This year while planning for our two month cali season one thing that was a disappointment was that we were told "upper cherry is closed this year". The reason behind the "closure" was the rim fire in the fall of 2013, closing access to the cherry lake and the normal hike in and take out to the famous run. Lucky for me my brother Jim doesn't take no for an answer and found a legal access to the creek.
We hiked in from the normal west cherry hike in at bourland meadows and…Continue
Posted by Tom Janney on October 10, 2014 at 8:16pm
Here is another quick little edit of my adventures along the road :) Episode 4 shows a bit of touring around Canada and the United States of America.
If you missed Episode 3, the Grand Canyon, Colorado River you can check it out here.
At the beginning of autumn each year, manufacturers and retailers from the global paddlesport industry meet in Nuremberg, Germany to unveil what's new in paddling for the upcoming year. Paddle Expo was a great show this year, with lots of exciting new stuff, and we're really proud to have won the 'Coolest Gear of the Show' award for the new Gradient boots. The new products will start arriving in shops from December, through the new year and into spring 2015, so stay posted or subscribe to our newletter at the bottom of the page for product news as they arrive.
Three things you should do to every whitewater boat.
Water is a kilo per litre, so two thirty litre airbags in your boat means about sixty kilos less boat to rescue!
We're all between swims – airbags will help minimise the damage
Airbags provide vital extra buoyancy should your boat end up in the water without you. Airbags should be tied in (to your seat) and fit snugly (we make a whole family of sizes to help with that). If you, like me, have short legs and lots of space in front of your footrest, consider putting airbags up front too. Even with only a small space in front of your footrest you might be able to squeeze in a partially deflated kids plastic football. Every kilo counts and buoyancy in your bow will help.
The Heavy Weight float bag family from Palm
Palm’s range of airbags fit perfectly inside modern whitewater kayaks. The dimensions of our 30 litre float bag have been adjusted to fit snugly in today's larger creek boats like the Mamba 8.6. The 15 litre float bag has been updated to better suit the stern space of modern playboats like the Jitsu. The 25 litre float bag is still our longest float bag, which is great for old school and longer boats like the Green. We've added dump valves to the 30 and 25 litre bags, so that you can deflate and pack away these larger float bags much more easily.
To prolong the life of your float bags: First, take them out of your boat occassionally to let them dry and to clear any sand, grit and river detritus that has built up in the bilges of your kayak. Second, don't leave them permanently fully inflated. Let a little air out before you put your kayak away, and top them up with a couple of breaths when you're about to go paddling, that way they will not be under constant pressure, and should they warm up in the sun, they won't be over stretched.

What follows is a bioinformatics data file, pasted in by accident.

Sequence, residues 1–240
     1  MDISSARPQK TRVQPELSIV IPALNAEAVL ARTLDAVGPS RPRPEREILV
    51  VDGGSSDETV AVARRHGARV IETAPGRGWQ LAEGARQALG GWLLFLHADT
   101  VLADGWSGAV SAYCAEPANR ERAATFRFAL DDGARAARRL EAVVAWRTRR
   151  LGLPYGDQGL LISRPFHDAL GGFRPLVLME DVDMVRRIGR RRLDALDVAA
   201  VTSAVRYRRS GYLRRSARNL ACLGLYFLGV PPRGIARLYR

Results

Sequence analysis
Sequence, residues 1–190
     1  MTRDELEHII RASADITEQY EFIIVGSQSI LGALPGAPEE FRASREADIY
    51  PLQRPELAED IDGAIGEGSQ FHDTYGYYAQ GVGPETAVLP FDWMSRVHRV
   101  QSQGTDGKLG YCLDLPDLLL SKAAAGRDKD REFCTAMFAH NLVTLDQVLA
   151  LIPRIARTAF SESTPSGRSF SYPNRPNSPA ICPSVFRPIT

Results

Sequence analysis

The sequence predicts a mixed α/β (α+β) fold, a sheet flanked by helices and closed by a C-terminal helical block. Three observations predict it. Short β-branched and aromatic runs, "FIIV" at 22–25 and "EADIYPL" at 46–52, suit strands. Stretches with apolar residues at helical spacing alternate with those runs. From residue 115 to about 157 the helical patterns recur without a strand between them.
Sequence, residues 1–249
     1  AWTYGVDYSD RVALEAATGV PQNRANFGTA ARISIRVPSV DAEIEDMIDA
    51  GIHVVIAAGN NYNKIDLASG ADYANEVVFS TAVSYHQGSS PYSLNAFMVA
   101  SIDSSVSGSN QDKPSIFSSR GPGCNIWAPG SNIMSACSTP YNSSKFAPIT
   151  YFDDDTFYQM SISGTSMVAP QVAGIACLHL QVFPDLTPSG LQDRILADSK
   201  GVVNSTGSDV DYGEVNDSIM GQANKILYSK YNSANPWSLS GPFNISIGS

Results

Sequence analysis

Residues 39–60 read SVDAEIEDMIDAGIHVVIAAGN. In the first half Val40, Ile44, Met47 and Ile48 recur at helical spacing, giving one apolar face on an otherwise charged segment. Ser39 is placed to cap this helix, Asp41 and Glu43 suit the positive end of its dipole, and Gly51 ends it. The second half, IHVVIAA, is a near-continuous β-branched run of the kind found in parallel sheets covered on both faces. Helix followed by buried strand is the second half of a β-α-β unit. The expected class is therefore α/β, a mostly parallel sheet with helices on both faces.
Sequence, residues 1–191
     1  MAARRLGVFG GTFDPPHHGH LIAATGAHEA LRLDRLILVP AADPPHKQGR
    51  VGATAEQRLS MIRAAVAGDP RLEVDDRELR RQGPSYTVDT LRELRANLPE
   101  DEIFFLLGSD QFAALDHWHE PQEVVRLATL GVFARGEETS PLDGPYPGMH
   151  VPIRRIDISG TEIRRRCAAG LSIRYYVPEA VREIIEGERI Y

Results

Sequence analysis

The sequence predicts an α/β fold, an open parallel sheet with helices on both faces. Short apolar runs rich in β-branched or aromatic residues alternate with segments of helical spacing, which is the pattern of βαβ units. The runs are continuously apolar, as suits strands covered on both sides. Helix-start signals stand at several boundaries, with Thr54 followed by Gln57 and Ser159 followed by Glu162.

First, set your seat position, this usually means having your centre of gravity at the kayak’s mid point (or centre of floatation). Too far forward and your nose will tend to catch and bury itself, too far back and the tail will become catchy and your nose will ride way up in the air when surfing. As a rough guide, when floating on flat water in an upright position, your kayak’s nose and tail should be about the same distance from the water.
Up, down, forward backwards – take take the time to get this right.
The height of your seat also changes things drastically with only a few centimetres difference. Extra height will give you more forward reach and more leverage, but balance will feel a little twitchier. To increase your seat height, insert a layer or two of foam under your seat pad. Dagger's Contour Ergo system also features a leg lifter strap to support your thighs and get that rally driver's bucket seat feel.
With you seat positioned, it's time to set up your hip pads, thigh grips, and backrest. Good points of contact with your kayak will help you to control your boat at extreme angles and should hold you firmly in place whether upside down, on your side, or bouncing between the two. Hip pads, thigh grips, and backrest should be supportive, but you'll know it's too tight if you start to get pins and needles. In my opinion, the Dagger hip pad kit is the best there is, with two retaining straps and velcro backing, it's an easy addition to improve any make or model of kayak.
Small changes to your backrest setup can also have a marked effect, especially for longer days out. Your backband should be supportive and stiff, without causing discomfort. It should promote your upright, slightly forward, active paddling position, and sit low on your back so it doesn't immobilise your spine (can you still lean against the back deck or rotate your torso fully?). Loosening the upper cockpit rim straps and tightening the lower strap that holds the backband to the seat will help keep your backband low and also prevent that unfortunate ass-pinch! Most modern backrests come with adjustable ratchet systems, but if not you can often retrofit one. The Dagger Freestyle Backband is simple, strong and another simple upgrade to any make or model of kayak.